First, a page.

APPENDIX 3: CALL FOR EVIDENCE
The Economic Affairs Committee has decided to conduct
an inquiry into 'The Economics of Renewable Energy'.
Evidence is invited by 16 June 2008. The Committee
will welcome written submissions on any or all of the issues set
Amid concerns over climate change the Government
aims to increase the use of renewable energy sources, such as
wind, tidal, biomass, biofuels and solar power, alongside other
measures to reduce greenhouse gas emissions such as promoting
greater energy efficiency.
Under EU targets, 15% of energy consumed in the UK
should come from renewable sources by 2020. Yet Government figures
show only 1.8% of Britain's energy came from renewables in 2006.
Electricity generation, as opposed to heating and transport, is
widely thought to have the most potential for greater use of renewable
sources. But while the share of renewables in electricity generation
has been growing, it was still only 4.5% in 2006.
This inquiry aims to set out the costs and benefits
of renewable energy and establish how they compare with other
sources of energy. It will also examine the Government's policy
towards renewable energy.
Among the issues being examined in the inquiry are:
(1) How do and should renewables fit into
Britain's overall energy policy? How does the UK's policy compare
with the United States, Australia, Canada, and other EU countries?
(2) What are the barriers to greater deployment
of renewable energy? Are there technical limits to the amount
of renewable energy that the UK can absorb?
(3) Are there likely to be technological advances
that would make renewable energy cheaper and viable without Government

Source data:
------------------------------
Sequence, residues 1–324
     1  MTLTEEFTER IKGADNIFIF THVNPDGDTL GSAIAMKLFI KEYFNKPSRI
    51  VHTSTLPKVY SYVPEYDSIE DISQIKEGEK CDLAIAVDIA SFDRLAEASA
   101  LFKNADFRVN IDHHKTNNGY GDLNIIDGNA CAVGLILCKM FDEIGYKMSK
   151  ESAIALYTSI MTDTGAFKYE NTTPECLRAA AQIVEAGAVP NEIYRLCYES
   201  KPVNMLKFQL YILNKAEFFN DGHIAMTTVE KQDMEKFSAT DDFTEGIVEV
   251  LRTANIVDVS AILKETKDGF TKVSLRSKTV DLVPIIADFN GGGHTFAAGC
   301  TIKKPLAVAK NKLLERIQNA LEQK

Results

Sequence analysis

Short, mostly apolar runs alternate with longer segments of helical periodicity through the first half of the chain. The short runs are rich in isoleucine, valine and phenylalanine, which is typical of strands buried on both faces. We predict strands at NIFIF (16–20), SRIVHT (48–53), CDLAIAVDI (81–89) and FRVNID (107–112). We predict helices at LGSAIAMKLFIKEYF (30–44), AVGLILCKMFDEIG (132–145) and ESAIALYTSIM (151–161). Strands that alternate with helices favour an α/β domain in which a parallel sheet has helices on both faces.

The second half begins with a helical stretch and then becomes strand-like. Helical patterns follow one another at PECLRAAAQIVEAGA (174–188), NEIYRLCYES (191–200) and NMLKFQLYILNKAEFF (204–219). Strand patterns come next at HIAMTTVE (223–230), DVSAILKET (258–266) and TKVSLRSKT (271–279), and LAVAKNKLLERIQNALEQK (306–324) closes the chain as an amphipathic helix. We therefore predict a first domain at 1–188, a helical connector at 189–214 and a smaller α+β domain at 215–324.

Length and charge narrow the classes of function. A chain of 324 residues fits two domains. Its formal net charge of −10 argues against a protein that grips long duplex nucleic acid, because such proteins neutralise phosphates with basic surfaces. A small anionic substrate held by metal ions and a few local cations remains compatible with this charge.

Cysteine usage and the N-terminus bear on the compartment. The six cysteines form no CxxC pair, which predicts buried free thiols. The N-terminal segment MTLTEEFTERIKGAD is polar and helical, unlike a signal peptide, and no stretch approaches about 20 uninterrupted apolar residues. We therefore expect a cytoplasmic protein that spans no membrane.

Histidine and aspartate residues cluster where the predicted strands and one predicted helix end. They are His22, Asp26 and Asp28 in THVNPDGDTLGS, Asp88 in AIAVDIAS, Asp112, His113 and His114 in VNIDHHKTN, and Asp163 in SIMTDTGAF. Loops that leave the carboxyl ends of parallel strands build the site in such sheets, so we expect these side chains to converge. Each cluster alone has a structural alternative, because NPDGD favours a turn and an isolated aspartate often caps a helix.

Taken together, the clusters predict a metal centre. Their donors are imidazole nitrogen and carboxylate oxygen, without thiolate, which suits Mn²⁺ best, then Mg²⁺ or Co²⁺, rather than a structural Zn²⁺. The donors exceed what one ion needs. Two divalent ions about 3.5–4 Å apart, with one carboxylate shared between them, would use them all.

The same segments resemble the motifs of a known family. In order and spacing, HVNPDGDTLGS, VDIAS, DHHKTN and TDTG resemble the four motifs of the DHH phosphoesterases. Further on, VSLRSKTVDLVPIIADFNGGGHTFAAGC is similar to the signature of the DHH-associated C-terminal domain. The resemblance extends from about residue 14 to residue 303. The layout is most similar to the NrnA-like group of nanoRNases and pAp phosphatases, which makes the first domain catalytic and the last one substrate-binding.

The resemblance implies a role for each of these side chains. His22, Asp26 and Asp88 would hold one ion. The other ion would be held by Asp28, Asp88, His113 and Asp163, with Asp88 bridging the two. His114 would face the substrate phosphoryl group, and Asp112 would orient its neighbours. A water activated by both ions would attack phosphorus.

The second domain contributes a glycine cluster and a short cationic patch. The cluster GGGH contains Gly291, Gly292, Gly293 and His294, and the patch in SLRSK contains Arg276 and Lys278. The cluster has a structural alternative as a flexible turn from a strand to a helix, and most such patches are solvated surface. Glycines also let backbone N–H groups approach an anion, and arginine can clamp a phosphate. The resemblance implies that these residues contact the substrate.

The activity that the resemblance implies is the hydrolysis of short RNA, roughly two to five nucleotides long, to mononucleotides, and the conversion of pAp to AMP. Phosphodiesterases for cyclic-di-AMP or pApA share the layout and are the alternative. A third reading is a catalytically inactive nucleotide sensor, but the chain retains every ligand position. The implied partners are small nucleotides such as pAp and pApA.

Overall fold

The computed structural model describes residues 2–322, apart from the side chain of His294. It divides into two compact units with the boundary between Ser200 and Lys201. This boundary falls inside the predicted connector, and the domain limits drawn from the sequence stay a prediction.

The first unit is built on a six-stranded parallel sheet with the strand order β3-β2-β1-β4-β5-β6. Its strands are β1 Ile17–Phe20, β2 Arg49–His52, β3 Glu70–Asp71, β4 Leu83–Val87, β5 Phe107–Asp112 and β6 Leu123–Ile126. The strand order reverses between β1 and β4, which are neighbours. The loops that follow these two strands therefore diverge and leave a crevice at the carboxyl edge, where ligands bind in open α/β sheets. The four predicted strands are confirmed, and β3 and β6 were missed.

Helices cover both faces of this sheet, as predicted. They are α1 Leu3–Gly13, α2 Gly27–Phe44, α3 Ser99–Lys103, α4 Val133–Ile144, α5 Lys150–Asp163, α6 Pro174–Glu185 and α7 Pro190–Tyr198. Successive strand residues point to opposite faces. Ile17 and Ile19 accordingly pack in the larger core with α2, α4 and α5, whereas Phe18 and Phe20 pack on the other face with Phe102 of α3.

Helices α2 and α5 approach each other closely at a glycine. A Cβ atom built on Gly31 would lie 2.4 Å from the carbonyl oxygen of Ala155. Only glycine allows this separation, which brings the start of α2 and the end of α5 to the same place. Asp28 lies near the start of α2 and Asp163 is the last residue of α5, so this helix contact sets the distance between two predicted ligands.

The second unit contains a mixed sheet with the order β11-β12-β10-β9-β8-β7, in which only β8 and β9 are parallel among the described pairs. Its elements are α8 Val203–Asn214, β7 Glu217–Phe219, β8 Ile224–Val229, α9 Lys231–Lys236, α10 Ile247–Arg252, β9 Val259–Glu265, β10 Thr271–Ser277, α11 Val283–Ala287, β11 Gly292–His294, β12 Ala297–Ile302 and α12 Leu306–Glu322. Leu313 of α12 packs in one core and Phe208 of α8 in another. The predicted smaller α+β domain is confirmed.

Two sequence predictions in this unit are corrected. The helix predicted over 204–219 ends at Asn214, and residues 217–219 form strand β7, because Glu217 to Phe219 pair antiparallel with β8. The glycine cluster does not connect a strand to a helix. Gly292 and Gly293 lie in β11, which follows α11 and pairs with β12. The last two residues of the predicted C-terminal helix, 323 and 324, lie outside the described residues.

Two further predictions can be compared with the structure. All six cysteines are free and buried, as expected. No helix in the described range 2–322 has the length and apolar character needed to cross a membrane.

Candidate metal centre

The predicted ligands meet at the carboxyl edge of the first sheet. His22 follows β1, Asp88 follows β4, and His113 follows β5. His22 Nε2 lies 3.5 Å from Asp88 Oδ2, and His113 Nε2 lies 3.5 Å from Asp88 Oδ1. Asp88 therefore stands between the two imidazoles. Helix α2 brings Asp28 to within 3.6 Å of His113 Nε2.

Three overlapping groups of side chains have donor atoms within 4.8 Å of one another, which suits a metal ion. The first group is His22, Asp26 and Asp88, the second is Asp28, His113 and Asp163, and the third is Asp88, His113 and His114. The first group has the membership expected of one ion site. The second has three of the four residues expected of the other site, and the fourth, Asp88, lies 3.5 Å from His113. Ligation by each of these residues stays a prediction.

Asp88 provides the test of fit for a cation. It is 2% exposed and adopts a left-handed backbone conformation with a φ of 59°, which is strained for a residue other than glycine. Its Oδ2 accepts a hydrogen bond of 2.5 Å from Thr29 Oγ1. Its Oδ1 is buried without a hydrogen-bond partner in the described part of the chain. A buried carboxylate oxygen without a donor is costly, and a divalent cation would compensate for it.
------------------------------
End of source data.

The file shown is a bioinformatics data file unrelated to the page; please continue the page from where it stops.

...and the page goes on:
support in the future? Should, and how could, policy be designed
to promote such technological advances?
(4) Has Government support been effective in
leading to more renewable energy? What have been the most cost-effective
forms of support in the UK and other countries and what should
the balance be between subsidies, guaranteed prices, quotas, carbon
taxes and other forms of support? Should such support favour any
particular form of renewable energy over the others? For instance,
what are the relative merits of feed-in tariffs versus the UK's
present Renewables Obligation Certificate (ROC) regime?
(5) On top of the costs of building and running
the different types of electricity generators, how much investment
in Britain's transmission and distribution networks will different
renewable energy sources require compared to other forms of generation?
Are the current transmission and distribution systems capable
of managing a large share of intermittent renewable electricity
generation and, if not, how should they be changed? Are the rules
about how we connect capacity to the grid supportive of renewables?
(6) How do the external costs of renewable generation
of electricitysuch as concerns in many affected rural areas
that wind farms and extra pylons spoil areas of natural beautycompare
with those of fossil fuels and nuclear power? How should these
be measured and compared? Is the planning system striking the
right balance between all the different considerations?
(7) How do the costs of generating electricity
from renewables compare to fossil fuel and nuclear generation?
What are the current estimates for the costs of "greener"
fossil fuel generation with carbon capture and storage and how
do these costs compare to renewable generation? What impact do
these various forms of electricity generation have on carbon emissions?
(8) How do the costs and benefits of renewable
electricity generation compare to renewables in the other key
forms of energy consumptiontransport and heating?
(9) If the UK is to meet the EU target that by
2020 15% of energy consumed will come from renewables, will most
of this come from greater use of renewable sources in electricity
generation? If so, why? Should British support for renewables
in other countries be allowed to contribute towards meeting the
target for the UK?
(10)How would changes in the cost of carbonunder
the European emissions trading schemeaffect the relative
costs of renewables and other sources of energy? Would a more
effective carbon emissions trading scheme remove the need for
special support of renewable energy?
(11)What are the costs and benefits of the present
generation of biofuels? Will there be a second generation of biofuels
and, if so, what are the estimated costs? What are, or are likely
to be, the carbon emission impacts of first and second generation
biofuels, and what are the other relevant environmental effects?